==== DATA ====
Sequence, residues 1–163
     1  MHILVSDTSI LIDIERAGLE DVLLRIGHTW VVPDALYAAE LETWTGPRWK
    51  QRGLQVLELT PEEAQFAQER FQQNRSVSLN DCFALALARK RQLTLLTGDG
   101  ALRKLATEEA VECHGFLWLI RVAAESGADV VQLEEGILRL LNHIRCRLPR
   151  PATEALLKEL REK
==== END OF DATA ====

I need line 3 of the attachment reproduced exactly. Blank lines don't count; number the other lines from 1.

    51  QRGLQVLELT PEEAQFAQER FQQNRSVSLN DCFALALARK RQLTLLTGDG